Transforming Your Business:
Nov 28, 2018
Although noncash incentives and recognition programs have been in play since the (last) Great Depression, the science and research supporting business use has, until recently, been surprisingly sparse. However, driven by a proliferation of renewed interest in uncovering alternative cost-effective performance solutions, a new body of research has emerged that strongly confirms the value of noncash rewards within the engagement mix and provides increased insight into how to design programs more effectively.
The Brand Has a Face
In the current days of spam filters, push marketing alone very rarely yields the desired results. Likewise, budgetary pressures have caused many organizations to continue the move to “self-service” approaches that make it more difficult to stand out from the competition. In response Fast Future has predicted that in 2012 customer service will become the “killer app.” Engaging customers today requires all stakeholders within the company to be committed. It also requires that organizations redefine (or repurpose) what the brand represents—internally and externally.
“We’re All Marketers Now,” a recent article in McKinsey Quarterly, argued that “everyone is responsible for marketing” or, at least, the part that focuses on exceeding customer expectations. Progressive companies are now embracing the notion that the intersection of customer and employee is often the moment of truth for their value proposition. As a consequence, they are focusing more resources on one-on-one relationship building and designing reward and recognition programs that reinforce an improved customer or colleague experience. This is resulting in incremental sales increases, leaps in both collaboration and productivity, and a high level of shared ownership and service quality.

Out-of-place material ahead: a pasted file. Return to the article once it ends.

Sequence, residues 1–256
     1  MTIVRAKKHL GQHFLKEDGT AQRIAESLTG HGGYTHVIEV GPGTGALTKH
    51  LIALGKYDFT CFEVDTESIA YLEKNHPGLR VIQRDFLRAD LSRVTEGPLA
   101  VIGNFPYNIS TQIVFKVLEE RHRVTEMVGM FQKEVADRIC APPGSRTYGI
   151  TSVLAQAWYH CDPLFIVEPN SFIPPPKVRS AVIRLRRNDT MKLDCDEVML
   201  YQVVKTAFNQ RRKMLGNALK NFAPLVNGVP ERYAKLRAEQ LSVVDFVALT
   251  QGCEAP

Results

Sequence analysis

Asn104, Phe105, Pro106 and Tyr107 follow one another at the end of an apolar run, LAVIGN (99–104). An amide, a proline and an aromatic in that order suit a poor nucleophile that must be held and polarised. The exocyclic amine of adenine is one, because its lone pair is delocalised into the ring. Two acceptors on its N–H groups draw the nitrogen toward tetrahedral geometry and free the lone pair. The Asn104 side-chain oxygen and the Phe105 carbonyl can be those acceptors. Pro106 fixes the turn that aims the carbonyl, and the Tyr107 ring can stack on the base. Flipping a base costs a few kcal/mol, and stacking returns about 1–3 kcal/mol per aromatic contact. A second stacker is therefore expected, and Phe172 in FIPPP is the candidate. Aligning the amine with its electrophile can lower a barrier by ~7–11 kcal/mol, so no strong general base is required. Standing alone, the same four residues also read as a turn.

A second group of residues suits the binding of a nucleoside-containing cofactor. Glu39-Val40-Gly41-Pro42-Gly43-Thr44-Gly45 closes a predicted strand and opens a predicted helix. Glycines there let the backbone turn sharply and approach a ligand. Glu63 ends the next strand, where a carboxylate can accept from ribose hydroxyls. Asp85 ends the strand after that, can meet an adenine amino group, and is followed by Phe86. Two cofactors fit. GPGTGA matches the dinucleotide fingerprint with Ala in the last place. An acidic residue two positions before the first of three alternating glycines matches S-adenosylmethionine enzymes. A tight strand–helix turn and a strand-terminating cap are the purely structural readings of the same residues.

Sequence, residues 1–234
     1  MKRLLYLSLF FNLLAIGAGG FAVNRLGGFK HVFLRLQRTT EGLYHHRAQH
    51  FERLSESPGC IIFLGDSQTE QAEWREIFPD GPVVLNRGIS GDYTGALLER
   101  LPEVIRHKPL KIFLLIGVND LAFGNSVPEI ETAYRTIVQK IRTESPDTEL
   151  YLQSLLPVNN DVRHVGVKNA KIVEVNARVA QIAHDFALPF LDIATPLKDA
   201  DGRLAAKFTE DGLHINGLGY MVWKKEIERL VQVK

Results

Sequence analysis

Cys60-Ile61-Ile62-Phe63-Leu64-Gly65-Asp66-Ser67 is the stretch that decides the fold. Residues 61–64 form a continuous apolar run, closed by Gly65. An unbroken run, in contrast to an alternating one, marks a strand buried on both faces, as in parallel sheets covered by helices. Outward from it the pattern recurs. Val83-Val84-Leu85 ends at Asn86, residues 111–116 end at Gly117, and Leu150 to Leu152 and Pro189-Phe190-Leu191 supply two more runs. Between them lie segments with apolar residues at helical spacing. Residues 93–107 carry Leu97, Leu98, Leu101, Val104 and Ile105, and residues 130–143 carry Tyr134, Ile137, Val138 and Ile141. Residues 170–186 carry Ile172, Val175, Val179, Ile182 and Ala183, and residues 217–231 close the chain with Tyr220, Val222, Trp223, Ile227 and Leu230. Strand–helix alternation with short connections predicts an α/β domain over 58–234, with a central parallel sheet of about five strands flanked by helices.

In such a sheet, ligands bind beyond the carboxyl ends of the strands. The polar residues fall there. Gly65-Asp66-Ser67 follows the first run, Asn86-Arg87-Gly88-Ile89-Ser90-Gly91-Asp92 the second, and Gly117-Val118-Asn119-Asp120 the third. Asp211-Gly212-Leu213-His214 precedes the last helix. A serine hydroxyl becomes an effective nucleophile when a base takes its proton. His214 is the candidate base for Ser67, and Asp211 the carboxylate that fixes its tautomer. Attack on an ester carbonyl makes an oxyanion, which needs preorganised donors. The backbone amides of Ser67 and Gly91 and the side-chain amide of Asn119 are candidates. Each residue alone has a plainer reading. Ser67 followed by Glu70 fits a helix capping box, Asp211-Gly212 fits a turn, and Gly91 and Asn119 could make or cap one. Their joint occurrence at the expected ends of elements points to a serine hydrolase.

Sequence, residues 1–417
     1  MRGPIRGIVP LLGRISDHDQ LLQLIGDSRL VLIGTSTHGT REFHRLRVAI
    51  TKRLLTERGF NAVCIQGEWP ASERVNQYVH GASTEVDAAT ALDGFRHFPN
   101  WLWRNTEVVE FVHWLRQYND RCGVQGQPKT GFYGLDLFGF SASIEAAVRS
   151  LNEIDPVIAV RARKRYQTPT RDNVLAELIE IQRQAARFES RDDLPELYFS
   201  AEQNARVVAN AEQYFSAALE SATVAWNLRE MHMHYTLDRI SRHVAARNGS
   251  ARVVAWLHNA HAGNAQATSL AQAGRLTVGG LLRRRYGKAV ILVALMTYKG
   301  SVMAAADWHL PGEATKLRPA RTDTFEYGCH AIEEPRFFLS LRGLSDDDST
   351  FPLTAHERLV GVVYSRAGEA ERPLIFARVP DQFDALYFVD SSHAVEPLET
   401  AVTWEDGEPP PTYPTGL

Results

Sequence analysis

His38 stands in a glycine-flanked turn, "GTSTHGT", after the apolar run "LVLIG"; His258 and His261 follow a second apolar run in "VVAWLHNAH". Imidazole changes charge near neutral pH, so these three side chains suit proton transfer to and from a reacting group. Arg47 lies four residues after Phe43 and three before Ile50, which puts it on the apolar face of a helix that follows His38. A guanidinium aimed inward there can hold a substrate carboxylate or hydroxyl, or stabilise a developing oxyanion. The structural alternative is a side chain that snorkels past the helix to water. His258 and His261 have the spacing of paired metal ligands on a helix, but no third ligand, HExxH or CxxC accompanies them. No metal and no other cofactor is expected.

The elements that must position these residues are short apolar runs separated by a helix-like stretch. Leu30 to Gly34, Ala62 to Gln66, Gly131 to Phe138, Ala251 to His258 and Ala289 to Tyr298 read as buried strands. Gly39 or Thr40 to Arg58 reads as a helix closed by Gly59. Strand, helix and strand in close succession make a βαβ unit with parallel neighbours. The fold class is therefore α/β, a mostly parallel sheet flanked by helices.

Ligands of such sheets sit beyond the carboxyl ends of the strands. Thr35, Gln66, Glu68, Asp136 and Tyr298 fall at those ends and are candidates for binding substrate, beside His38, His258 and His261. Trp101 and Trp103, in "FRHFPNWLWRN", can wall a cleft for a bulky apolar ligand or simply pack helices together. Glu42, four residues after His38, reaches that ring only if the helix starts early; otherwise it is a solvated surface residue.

Doing More with Less Takes on a New Dimension
Like any other business expense, the funding of reward programs attracts intense scrutiny from business leaders looking to slash unnecessary expenses. Although finding a financial justification for any initiative has always been important to senior executives, in today’s challenging economy it is paramount. For requests to gain approval, sponsors must also demonstrate that it will likely drive better outcomes than other alternatives.
Below are four important research conclusions that show how, under the right circumstances, noncash rewards can be more “effective” and therefore more “efficient” than traditional forms of compensation.
1. Noncash rewards impact revenue and key sales indicators: Some of the most important research about the effectiveness of noncash rewards comes from a fall 2011 study by the Aberdeen Group of almost 300 organizations, "Sales Performance Management 2012: How the Best-In-Class Optimize the Front Line to Grow the Bottom Line."
Among its findings:
• Organizations that provide noncash reward/recognition had an average year-to-year annual corporate revenue increase of 9.6% versus just 3% for all other organizations.
• Organizations that provide noncash reward/recognition had a 2.1% year-to-year increase in revenue per full time sales employee versus a 0.7% decrease for all other firms.
• Organizations that provide noncash reward/recognition had a 1.6% year-to-year increase in team attainment of quota versus a decrease of 2.2% for all other companies.
• Adopters of non-cash rewards/recognition also had 34% shorter sales rep time-to-productivity.